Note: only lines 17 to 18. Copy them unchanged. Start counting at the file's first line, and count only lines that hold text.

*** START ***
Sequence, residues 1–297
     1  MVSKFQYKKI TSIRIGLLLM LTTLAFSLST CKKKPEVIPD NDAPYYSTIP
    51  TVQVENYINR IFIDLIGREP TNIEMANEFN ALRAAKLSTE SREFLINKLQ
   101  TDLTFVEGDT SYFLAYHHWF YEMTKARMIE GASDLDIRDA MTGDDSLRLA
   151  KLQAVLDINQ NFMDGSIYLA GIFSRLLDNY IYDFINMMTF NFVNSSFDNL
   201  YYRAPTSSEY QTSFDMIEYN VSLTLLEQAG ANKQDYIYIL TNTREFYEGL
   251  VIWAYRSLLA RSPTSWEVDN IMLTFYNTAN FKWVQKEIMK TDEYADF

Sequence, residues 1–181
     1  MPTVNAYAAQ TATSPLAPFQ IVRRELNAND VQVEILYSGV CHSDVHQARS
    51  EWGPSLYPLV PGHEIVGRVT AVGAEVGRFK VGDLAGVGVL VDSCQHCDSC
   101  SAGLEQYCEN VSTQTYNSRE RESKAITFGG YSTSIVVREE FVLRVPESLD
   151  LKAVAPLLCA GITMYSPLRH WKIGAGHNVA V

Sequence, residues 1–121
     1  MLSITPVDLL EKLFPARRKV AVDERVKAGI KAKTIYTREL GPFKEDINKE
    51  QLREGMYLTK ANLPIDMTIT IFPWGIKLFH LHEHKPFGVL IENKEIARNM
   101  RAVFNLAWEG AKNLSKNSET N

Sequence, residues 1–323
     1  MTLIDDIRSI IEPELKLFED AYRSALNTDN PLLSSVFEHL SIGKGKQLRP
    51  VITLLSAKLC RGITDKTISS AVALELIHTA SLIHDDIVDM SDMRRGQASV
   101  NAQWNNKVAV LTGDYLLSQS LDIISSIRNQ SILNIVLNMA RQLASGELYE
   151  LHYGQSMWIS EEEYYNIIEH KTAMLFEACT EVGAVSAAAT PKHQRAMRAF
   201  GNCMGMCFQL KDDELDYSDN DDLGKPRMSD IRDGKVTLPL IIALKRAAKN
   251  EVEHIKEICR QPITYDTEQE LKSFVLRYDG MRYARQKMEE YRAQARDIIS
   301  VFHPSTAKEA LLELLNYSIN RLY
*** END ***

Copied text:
Sequence, residues 1–323
     1  MTLIDDIRSI IEPELKLFED AYRSALNTDN PLLSSVFEHL SIGKGKQLRP